While House Republicans have stripped food stamp benefits from the farm bill to get enough votes to pass the bill’s agricultural supports, the Supplemental Nutrition Assistance Program may be added back into the bill in conference with the Senate. The farm bill get its strength because it aligns the interests of urban Democrats and rural Republicans in Congress, facilitating log-rolling where the majority of congressmen are willing to support the bill because it directly benefits their districts.
While the food stamp program has in the past made up a large portion of the bill’s costs, with these these funds flowing primarily to urban residents, urbanists should be leery of the urban-rural alliance that facilitates continued support for the farm bill. Aside from the primary cost drivers including nutrition programs and farm supports, the bill also includes measures like rural broadband and rural utilities services loans designed to subsidize living in areas where providers do not find it profitable to provide services.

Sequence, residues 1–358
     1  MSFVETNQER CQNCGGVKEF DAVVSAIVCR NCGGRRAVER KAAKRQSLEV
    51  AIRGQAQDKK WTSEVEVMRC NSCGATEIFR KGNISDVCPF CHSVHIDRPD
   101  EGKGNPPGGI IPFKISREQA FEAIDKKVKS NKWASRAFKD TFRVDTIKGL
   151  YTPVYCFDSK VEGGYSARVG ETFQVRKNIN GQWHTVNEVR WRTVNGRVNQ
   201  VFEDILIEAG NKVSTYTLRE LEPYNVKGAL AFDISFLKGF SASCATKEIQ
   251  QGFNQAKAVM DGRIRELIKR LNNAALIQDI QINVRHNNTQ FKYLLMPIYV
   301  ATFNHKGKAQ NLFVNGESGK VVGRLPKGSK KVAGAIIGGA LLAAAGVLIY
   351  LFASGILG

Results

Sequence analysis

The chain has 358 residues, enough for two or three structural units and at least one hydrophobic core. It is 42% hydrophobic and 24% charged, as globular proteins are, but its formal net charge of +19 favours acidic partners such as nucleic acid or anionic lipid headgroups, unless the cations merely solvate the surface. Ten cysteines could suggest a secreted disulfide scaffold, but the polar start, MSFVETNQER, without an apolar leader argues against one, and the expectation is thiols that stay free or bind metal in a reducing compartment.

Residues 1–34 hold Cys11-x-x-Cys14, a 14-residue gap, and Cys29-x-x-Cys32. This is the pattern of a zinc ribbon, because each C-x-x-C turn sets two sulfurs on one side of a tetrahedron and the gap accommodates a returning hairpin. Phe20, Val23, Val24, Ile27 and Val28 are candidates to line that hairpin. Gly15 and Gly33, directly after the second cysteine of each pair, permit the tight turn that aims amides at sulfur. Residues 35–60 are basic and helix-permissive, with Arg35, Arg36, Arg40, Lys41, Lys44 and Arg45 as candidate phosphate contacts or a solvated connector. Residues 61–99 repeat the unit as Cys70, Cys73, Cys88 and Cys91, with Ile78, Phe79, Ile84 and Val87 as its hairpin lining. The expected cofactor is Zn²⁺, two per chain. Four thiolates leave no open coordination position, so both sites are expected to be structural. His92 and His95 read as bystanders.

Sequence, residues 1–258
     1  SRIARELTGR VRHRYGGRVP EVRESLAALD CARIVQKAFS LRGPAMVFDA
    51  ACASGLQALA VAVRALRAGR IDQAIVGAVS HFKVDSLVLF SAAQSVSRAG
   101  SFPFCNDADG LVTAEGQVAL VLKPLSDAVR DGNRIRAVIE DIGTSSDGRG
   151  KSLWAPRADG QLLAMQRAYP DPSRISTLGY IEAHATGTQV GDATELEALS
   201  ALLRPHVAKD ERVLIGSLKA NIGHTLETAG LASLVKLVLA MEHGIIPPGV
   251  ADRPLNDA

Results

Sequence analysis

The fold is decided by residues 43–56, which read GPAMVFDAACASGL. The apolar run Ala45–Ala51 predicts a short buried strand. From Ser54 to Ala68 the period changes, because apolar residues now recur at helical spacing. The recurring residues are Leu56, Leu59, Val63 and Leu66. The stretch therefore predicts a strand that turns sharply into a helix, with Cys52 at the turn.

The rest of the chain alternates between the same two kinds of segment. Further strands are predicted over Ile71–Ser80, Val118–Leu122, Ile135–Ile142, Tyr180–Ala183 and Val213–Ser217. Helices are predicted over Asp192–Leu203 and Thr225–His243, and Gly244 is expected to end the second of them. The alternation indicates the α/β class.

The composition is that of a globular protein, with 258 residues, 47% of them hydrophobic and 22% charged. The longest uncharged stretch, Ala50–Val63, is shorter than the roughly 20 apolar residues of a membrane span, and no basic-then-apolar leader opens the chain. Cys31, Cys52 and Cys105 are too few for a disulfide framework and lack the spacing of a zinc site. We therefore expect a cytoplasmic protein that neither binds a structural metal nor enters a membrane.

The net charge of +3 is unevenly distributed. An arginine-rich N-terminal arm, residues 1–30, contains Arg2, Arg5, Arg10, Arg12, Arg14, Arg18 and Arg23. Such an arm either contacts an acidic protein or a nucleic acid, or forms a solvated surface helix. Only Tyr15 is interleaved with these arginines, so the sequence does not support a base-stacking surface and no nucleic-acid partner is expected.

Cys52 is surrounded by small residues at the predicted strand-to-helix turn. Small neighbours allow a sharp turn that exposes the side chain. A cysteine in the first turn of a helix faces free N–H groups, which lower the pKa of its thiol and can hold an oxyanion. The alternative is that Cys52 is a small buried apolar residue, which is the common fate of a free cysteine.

Unlike SNAP benefits, which are available for rural and urban residents based on income, rural infrastructure support is allocated to locations rather than individuals. Providing subsidies based on location is hugely attractive to Congress because it allows members to provide concentrated benefits directly to their constituents. However, subsidizing individuals’ choices to live in areas where building infrastructure is inefficient limits economic growth potential. Cities provide better job opportunities and are centers of innovation, so policies that subsidize rural living don’t make sense.